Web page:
Wealthy Romans were not the only people to own slaves. The state of Rome had its own collection. These slaves were of another class — public slaves. They worked in public baths, food warehouses, or constructed roads and bridges, or worked in public administration offices. They helped in running the economy of Rome. Life was probably kinder to them than to their counterparts who worked in the mines and country estates.

The conditions for slaves were extreme during the Roman Republic. But it is believed that they eased later on. During the Empire, slaves could earn money, get married (informally) and have children. Killing of slaves was banned.

The Slave Market – oil painting by Gustave Boulanger, 1886 (Wikimedia Commons)

What were master-slave relationships like?

In rigid households, slaves were considered nothing more than objects that could talk and walk. They could be sold, rented, or replaced, just the way we do nowadays to our inanimate possessions. The master always decided the level of relationship permitted to their slaves. They could be friendly, or exploit their slaves, or in extreme circumstances even kill them.

On the other hand, if a slave killed his master, then all the other slaves in the household were slaughtered under the charge that they failed to protect their master from the rogue slave.

However, many masters considered slaves as human beings, worthy of moral behavior, and hence treated them with a degree of respect.

Each master had to balance how he treated slaves with the need to keep them working. Brutal treatments were rare because they would wear out the slaves.

Home-born slaves were most likely to remain loyal to their masters, considering him like their own father (which, in many cases he really was). However, barbarians captured from distant lands took some time to be broken into their new, reduced station in life.

Most often, masters incentivized slaves to work hard and stay loyal. Firstly, they rewarded hard work with generous rations of food and clothing. At times, even allowing them to have children, and occasionally organized sacrifices and holidays for them. Such acts of generosity went a long way in ensuring their slaves’ loyalty.

Secondly, slaves had clearly defined job roles, suitable to the their mental and physical attributes, like cooks, door-keepers, or food-servers. This division of labor generated accountability, as the slaves knew that they could be punished only for jobs that they were responsible for, and not for duties outside their job descriptions.

But the most important incentive for slaves to work honestly and with diligence was the possibility of gaining their freedom and becoming Roman citizens.

Manumission

Unlike the Greeks, the Romans took a liberal view of slavery, regularly incorporating slaves into their own society. Thus slavery was viewed as a temporary state, after which, if the slave had shown the right attitude, they could be set free and become a Roman citizen.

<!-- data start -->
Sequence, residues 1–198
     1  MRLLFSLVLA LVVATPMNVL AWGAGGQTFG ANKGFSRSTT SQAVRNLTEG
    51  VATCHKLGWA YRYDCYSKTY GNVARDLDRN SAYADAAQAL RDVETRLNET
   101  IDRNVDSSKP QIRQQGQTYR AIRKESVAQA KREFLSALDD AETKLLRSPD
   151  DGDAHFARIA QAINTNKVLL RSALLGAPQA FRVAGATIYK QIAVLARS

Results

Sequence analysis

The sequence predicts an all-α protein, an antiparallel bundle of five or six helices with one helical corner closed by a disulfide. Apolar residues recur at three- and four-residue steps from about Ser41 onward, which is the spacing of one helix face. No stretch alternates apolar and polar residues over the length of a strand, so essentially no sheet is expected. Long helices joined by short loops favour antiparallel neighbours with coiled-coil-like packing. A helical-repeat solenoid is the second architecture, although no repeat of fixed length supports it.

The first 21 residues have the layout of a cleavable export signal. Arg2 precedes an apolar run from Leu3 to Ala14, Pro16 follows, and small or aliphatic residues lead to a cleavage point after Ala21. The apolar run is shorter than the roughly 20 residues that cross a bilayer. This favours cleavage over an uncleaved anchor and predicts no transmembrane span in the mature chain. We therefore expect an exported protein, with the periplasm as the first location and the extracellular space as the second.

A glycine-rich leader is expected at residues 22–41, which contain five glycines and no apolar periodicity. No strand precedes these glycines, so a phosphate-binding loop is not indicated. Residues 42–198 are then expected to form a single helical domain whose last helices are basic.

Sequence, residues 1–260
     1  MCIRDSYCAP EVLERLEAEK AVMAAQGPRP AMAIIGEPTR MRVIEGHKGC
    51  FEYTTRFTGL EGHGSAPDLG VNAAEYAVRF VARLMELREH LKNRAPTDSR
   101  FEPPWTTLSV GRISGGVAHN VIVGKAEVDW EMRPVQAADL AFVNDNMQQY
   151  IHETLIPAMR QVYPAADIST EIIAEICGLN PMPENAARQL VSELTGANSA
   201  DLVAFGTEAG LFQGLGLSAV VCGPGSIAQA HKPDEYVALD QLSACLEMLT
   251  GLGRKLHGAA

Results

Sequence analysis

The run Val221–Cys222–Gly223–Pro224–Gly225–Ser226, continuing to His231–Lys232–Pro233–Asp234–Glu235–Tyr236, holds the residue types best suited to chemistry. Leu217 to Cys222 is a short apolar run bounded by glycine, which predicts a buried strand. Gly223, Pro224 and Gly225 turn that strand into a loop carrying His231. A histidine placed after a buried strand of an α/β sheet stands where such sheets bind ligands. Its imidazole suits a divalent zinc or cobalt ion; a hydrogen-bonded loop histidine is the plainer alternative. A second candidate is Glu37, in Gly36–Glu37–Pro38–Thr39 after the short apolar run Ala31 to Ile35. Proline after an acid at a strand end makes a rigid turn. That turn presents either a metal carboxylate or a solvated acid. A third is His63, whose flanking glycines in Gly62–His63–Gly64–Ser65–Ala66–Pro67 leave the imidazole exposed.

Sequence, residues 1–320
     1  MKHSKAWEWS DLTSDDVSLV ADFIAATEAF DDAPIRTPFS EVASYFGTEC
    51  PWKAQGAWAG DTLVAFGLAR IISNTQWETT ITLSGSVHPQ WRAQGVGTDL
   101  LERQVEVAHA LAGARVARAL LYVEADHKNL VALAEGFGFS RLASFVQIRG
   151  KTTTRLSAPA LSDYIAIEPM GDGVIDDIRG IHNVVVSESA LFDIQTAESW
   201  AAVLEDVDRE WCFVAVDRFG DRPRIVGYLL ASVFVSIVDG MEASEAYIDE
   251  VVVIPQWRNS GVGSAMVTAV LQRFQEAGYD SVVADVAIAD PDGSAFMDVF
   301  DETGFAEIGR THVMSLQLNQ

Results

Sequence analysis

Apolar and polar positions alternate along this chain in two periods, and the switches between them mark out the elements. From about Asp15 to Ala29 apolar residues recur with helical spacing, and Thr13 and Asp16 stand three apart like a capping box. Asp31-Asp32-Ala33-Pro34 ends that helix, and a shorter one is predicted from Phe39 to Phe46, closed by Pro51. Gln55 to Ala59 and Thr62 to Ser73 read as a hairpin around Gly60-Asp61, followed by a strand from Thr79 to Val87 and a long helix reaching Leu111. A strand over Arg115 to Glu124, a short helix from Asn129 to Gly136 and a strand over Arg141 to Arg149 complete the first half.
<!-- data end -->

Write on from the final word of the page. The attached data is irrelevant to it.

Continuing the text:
This process of leaving the shackles of slavery and becoming free men and women was called ‘manumission’.

If a master was happy with a slave’s services and felt him worthy of being free, the slave could be set free by appearing before a magistrate. Once the magistrate had confirmed that the slave was a free man, the master would often slap the slave, as a final insult, before he started his new life.

Often, a master would bequeath his slaves’ freedom in his will. This is how most slaves got their freedom. In rare cases, slaves could also buy their freedom, if they could raise enough coin — or get another freedman to buy their freedom.

Manumission was generally practiced in urban regions, where it was possible for slaves to form meaningful relationships with their masters and be in their good books. Those working in country estates or mines did not have direct contact with their masters, and were usually worked to death.

Relief showing manumission of a slave. Marble, 1st century B.C. Musèe Royal de Mariemont (Ad Meskens_Wikimedia Commons)

Those slaves who gained freedom became citizens of Rome, enjoying all civil rights. But this freedom came at a cost: they were obligated to their former masters, who now became their patrons, and the slaves became their clients. As clients, the former slaves had to provide ongoing services, stipulated by their patrons before manumission.

In return for their services, the freedmen received patronage from their former masters in the form of helping them set up businesses, giving them financial assistance, and providing them with contacts, or opening doors in the Roman society.

However, freedmen, though Roman citizens, were ineligible to hold political offices. This rule did not apply to any children born to them after manumission. Such children were freeborn citizens and hence could hold political office.

Sadly, any children born before manumission were not so fortunate, because they remained as slaves in their former master’s household — but as was often the case, the parents bought their freedom once they were rich enough.